Properties Subject to Homestead Exceptions

The rules governing the nature of property entitled to be registered as homestead property adhere to regional patterns. Real property subject to the homestead exemptions vary in value. Generally, an undivided interest in real estate, accompanied by the exclusive occupancy of the premises by the owner of such interest and his/her family as a home, is sufficient to support a homestead exemption. Property subject to homestead exemption is described in each homestead statutes. In order to claim a homestead exemption a homestead holder must enjoy the ownership and occupation of the homestead

A claim to statutory exemption for homestead is limited to:

•Size;
•Value; and
•Character of the land as urban or rural.
Usually state constitutional provisions describe the monetary limit on the amount of an exemption that a debtor can claim. Such statues contain area limits on the exemption. Most states impose a dollar limit on debtors’ homestead exemptions. However, in some states, a homestead exemption is unlimited. A homestead holder has a right to hold as exemption money or profit derived from the use of homestead.

Some statutes exempt money gained from the sale of a homestead property. For a debtor to exempt money gained from the sale of a homestead property, the debtor must establish some link between the money at issue and the homestead in question. In some jurisdictions, an owner is entitled to receive the amount of the homestead exemption on sale of the homestead property. The sale can be conducted voluntarily by the owner or involuntarily by the sheriff pursuant to writ of execution .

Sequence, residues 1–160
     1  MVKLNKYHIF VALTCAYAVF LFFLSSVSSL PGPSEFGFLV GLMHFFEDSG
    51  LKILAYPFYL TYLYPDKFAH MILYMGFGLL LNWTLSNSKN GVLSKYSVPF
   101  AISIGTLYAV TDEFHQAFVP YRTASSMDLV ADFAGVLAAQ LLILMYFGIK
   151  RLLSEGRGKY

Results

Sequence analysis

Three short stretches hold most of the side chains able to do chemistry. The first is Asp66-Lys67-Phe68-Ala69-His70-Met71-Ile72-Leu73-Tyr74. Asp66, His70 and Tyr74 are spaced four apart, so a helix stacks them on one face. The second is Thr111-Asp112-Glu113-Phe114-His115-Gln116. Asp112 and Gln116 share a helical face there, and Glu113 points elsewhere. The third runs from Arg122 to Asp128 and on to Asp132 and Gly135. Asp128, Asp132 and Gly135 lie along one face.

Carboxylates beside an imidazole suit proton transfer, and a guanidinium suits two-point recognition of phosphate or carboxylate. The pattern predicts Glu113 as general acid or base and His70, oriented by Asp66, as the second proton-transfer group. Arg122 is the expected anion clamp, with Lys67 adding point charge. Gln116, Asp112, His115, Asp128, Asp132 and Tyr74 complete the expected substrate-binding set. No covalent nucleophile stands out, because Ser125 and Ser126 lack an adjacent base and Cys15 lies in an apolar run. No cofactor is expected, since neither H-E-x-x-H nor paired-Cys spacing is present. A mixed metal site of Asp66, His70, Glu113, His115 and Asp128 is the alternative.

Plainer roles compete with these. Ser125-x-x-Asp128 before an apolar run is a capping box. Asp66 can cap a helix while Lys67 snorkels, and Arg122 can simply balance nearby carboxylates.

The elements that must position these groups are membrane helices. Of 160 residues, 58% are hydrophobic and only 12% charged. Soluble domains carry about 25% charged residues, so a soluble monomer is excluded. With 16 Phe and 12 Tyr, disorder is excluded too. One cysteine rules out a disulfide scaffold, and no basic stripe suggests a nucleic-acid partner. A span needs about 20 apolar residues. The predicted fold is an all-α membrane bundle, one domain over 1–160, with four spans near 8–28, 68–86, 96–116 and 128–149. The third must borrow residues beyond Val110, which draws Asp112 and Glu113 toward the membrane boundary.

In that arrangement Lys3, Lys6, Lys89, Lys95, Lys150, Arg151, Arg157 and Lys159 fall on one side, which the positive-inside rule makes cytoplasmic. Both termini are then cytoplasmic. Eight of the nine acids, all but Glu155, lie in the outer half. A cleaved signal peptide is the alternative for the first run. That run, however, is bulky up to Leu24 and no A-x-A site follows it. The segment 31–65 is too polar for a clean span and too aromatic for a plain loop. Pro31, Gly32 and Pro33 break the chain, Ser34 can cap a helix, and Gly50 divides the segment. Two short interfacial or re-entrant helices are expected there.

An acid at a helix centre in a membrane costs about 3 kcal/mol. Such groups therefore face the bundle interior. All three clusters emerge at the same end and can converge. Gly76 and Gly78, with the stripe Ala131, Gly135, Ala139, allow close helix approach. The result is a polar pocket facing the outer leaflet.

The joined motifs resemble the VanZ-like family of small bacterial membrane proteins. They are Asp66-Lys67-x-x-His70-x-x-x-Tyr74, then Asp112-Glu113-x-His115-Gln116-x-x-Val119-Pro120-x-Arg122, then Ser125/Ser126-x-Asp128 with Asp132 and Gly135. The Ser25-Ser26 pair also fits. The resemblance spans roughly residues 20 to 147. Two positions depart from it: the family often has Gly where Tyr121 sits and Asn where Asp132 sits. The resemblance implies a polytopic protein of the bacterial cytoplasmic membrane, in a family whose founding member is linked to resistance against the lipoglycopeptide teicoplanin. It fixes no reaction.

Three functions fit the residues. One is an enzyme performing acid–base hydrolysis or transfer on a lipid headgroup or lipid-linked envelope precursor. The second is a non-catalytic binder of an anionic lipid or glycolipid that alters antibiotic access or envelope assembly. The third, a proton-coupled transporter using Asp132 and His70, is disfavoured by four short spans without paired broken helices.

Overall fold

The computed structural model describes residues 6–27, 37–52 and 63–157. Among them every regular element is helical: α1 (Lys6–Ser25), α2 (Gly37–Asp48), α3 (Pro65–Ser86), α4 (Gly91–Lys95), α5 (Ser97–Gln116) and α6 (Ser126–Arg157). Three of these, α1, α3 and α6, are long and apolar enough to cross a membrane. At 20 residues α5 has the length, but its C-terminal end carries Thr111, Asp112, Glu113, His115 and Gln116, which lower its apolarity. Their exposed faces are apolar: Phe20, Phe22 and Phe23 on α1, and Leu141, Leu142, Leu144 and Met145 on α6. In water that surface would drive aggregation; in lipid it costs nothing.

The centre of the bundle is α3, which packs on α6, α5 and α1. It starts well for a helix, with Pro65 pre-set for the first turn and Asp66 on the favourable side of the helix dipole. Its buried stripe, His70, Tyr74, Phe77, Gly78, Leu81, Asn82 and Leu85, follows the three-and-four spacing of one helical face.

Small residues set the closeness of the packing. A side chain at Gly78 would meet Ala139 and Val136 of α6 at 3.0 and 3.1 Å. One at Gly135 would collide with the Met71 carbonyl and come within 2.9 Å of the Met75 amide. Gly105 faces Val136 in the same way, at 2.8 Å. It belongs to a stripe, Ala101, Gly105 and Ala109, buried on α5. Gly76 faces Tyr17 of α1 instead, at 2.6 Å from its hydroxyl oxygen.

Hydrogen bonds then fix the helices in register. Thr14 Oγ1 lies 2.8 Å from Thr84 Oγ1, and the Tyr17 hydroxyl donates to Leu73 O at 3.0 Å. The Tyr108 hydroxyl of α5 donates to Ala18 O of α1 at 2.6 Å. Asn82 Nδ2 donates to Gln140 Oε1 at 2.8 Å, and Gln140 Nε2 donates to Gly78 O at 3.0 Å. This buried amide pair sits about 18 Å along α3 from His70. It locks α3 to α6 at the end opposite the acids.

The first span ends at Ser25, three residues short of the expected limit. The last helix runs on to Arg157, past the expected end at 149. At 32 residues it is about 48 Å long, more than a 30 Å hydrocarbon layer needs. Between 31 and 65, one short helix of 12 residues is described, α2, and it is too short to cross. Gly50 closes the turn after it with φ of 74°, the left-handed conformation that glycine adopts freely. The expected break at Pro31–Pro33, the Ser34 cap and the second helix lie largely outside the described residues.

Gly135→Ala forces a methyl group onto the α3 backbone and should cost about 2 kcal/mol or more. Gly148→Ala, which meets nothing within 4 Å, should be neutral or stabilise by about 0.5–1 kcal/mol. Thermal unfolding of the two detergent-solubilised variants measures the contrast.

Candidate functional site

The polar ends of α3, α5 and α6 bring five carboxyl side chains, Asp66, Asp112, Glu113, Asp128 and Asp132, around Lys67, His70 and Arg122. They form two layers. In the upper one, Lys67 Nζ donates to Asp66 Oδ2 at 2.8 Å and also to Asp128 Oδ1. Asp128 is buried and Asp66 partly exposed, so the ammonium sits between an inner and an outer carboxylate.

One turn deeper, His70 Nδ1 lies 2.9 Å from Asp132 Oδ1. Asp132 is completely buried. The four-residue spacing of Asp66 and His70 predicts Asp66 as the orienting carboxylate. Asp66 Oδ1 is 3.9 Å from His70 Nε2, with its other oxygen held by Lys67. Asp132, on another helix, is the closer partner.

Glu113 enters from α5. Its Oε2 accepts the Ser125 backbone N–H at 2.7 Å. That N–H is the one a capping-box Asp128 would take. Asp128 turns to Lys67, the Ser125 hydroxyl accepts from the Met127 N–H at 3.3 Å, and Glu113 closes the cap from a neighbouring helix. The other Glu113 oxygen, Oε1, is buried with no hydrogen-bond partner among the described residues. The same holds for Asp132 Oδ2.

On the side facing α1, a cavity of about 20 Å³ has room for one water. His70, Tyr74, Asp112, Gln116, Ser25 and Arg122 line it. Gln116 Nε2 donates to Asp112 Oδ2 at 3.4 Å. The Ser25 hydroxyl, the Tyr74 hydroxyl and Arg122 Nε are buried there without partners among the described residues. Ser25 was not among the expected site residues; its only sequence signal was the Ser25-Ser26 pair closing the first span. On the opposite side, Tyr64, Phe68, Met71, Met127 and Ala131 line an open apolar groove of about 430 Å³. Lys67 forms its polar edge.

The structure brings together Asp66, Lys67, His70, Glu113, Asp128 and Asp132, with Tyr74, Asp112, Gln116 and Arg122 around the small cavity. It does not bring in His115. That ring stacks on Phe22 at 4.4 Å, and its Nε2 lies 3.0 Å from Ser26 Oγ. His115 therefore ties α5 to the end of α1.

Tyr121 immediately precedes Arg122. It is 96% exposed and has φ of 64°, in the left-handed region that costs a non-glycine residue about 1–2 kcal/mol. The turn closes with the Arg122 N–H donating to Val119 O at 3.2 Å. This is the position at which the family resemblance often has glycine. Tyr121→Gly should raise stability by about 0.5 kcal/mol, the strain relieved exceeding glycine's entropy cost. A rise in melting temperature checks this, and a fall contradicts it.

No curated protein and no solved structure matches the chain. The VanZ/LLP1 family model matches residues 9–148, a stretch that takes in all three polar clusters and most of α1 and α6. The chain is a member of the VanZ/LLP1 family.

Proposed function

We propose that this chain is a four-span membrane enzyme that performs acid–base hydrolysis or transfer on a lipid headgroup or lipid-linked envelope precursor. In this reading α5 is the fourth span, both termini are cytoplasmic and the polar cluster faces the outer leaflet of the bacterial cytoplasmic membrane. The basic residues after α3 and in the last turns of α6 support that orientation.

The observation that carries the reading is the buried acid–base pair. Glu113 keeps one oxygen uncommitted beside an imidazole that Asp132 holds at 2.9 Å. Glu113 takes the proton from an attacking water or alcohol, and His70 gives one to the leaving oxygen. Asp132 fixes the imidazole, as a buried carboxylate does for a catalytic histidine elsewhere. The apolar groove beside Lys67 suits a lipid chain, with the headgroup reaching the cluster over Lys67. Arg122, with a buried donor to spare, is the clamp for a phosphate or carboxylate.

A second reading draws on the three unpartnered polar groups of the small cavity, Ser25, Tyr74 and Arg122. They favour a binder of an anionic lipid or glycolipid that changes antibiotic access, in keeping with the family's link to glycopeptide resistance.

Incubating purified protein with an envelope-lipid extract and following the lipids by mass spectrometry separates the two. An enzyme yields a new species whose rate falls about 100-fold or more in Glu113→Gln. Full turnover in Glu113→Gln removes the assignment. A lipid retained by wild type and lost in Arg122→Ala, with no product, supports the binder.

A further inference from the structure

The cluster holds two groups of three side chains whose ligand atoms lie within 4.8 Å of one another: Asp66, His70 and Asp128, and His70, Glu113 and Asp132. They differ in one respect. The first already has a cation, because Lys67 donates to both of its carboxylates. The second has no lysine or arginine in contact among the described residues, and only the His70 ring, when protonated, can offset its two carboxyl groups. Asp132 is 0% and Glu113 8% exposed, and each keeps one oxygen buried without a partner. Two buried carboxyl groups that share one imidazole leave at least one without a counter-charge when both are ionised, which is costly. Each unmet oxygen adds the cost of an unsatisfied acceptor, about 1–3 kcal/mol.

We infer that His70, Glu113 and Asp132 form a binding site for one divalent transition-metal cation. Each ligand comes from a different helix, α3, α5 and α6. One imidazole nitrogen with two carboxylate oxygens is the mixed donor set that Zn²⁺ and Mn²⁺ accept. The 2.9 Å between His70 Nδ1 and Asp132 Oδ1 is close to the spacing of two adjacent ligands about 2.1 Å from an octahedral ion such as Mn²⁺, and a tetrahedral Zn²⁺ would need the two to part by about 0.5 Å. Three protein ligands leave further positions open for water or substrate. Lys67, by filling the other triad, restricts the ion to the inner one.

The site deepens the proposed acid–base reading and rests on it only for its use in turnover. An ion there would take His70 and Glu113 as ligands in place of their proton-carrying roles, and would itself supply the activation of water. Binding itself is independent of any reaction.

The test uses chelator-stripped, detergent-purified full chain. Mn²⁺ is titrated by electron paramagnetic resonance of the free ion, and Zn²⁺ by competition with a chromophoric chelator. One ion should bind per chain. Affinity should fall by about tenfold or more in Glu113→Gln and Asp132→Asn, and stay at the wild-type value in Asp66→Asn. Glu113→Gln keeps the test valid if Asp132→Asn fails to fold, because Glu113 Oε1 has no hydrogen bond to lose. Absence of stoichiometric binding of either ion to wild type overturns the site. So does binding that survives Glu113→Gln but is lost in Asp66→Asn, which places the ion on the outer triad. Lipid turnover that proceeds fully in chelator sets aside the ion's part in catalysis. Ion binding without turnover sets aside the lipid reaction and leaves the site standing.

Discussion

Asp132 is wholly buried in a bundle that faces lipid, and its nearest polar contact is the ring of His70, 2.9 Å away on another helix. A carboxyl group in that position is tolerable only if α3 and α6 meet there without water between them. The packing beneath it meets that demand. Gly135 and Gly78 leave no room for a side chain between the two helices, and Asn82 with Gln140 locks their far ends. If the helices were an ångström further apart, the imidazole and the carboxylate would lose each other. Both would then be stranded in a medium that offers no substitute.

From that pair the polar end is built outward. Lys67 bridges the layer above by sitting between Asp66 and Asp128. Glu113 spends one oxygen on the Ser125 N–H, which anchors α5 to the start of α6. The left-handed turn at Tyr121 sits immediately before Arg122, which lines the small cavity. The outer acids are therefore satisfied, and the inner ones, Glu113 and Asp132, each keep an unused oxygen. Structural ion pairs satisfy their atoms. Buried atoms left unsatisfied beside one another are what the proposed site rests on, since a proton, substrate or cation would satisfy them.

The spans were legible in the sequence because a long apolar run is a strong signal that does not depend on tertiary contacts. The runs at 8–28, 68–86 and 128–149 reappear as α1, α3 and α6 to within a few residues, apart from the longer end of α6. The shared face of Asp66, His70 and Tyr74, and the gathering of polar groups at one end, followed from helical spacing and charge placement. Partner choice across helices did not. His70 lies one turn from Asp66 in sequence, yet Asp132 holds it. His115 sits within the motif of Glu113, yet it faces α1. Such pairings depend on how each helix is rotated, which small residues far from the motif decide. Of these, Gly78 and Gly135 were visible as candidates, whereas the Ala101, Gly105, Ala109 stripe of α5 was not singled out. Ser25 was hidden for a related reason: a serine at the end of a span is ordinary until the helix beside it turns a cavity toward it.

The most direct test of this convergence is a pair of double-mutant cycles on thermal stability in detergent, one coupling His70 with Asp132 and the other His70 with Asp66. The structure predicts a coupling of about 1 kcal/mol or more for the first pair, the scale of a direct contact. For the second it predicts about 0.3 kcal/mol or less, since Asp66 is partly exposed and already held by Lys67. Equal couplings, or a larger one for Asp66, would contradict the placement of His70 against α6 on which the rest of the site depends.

Exclusive occupancy of the property by the claimant and family as a home has been held to be a requirement for exemption. However, two separate homestead estates cannot coextensively exist on the same premises at the same time.

Encumbrance of Homestead Property

The owner of a homestead has the right to encumber the homestead. Consent of both the spouses is manifest through the signature of both the spouses on the instrument validating the encumbrance on a homestead. The spousal signature is mandatory in all transactions pertaining to a homestead, except in the case of a purchase-money mortgage.

An owner of a homestead is free to mortgage the property in the absence of contrary stipulations in a statute. However, if there is a statutory prohibition as to the mortgage of a homestead, such mortgage shall be invalid. The mortgaged property may be subjected to sale under foreclosure. When the mortgage covers both homestead and other property, the debtor may require the mortgagor to resort to the other property first.

The Law permits the leasing of a homestead in certain limited instances. One spouse may lease the homestead lands for a reasonable term without the consent of the other spouse, provided such lease does not interfere with the use of the property as the home of the family. A lessee of a homestead cannot change the terms of a contract by entering into an agreement with only one spouse.

Regarding the matter of encumbering a homestead by the husband or wife of an insane spouse, the law differs depending on the state. While some states do not permit such a transaction, some provide procedures by which the sane spouse may obtain a court order authorizing a conveyance. In some states, alienation of the homestead of an insane person is allowed by joinder of the guardian with the sane spouse.

Conveyance of Homestead Property

The homestead estate cannot be casually conveyed. Any conveyance of the estate must be made explicitly, specifically, and in writing. Irrespective of the manner of spousal land ownership recognized in each state, generally, there exist rules that govern the conveyance of homestead property by a spouse(s).

Generally, no spouse may convey homestead property without consent.

by: USLegal,Inc.